Prove or disprove – If a divides b and b divides a does a=b

Prove or disprove: If a, b belong to the set of positive integers, and if a divides b and b divides a, then a=b. Does this hold if if a,b are not necessarily positive? Why or Why not?

Here is what I have:

If a and b are integers, we say a divides b if there exists an integer k so that b=ak. Thus:


Since a divides b and b divides a, we know that k,j must both be integer, which means k and j must both equal 1 or -1. This means:


This proves that a=b when we assume that a,b are both positive integers.

For the second part of the question, I am asked if I can still say a=b if the assumption about a, b is relaxed so that a,b belong to the integers (not the positive integers.) I think The answer is no, I cannot say that a=b for every case when we allow a,b to also be negative integers.

Here is my reasoning (I use the same idea that a=bj and b=ak here)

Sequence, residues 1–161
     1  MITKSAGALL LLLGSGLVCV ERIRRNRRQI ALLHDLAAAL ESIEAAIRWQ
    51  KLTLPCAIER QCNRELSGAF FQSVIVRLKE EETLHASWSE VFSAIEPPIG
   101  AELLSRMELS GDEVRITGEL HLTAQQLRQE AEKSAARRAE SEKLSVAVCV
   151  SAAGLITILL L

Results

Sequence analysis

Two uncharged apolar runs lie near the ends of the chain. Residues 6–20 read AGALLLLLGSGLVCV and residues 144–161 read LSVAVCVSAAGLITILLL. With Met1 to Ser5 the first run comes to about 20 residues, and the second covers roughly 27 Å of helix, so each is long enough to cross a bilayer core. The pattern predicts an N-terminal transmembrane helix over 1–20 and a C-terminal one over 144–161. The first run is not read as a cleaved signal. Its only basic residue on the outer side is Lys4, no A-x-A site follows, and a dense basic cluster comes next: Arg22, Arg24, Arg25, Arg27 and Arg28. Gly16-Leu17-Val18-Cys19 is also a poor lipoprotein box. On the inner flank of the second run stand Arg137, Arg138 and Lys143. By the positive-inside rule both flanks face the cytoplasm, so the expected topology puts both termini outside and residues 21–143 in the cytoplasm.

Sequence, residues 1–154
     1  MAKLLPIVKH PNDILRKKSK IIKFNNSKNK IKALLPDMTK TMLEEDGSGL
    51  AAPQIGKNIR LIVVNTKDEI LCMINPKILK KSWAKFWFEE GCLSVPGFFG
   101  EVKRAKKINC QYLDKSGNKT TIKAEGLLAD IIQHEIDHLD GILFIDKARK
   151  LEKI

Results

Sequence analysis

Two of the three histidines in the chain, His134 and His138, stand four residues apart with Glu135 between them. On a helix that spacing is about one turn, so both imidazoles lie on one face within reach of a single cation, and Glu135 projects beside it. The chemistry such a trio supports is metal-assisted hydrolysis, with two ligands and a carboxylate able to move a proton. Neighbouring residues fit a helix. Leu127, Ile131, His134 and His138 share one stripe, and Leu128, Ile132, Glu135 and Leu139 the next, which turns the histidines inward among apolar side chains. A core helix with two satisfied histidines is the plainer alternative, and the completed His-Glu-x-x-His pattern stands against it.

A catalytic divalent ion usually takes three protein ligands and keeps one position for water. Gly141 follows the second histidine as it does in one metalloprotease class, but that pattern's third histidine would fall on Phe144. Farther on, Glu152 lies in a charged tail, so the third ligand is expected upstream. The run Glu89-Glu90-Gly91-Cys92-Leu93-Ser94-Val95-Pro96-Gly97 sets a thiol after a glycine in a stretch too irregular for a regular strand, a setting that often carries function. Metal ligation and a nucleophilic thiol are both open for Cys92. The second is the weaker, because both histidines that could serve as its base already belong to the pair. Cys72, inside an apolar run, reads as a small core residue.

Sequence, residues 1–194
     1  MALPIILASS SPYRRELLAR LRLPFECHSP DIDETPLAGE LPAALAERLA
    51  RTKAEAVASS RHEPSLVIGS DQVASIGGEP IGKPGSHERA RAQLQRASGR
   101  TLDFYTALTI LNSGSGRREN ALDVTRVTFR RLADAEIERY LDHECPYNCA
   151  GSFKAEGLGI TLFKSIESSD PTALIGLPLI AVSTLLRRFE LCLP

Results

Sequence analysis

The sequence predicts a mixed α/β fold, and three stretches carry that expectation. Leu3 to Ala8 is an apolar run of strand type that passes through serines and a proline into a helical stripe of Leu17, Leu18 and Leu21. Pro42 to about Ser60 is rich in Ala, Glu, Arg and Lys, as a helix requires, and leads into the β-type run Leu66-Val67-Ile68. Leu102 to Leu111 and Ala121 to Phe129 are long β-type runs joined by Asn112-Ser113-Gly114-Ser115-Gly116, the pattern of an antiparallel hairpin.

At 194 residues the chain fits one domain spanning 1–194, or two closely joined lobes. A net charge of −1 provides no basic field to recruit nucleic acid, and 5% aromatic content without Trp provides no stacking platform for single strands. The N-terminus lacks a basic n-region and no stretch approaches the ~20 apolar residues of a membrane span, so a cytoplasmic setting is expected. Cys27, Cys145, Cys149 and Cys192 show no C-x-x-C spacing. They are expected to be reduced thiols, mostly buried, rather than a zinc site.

So $ |a|=|b|$ but not $a=b$

I’m very new to proofs so any suggestions or thoughts are greatly appreciated.

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Since $a,b \in \mathbb{Z^+}$, $a=b$ most definitely, as you have proved. You don’t have to worry about negatives here if it is given that $a,b$ are positive integers. If $a,b \in \mathbb{Z}$, then a counterexample would be $a=−6,b=6$. Hence, unless $a,b$ are strictly positive, the statement is not true.

Really, if $a/ b & b/a$ then we know $a=b$ because if the values of $a$ and $b$ are same then they will divide completely each other so, Their values will be either positive or negative.

So, $a=\pm b$.

Hence proved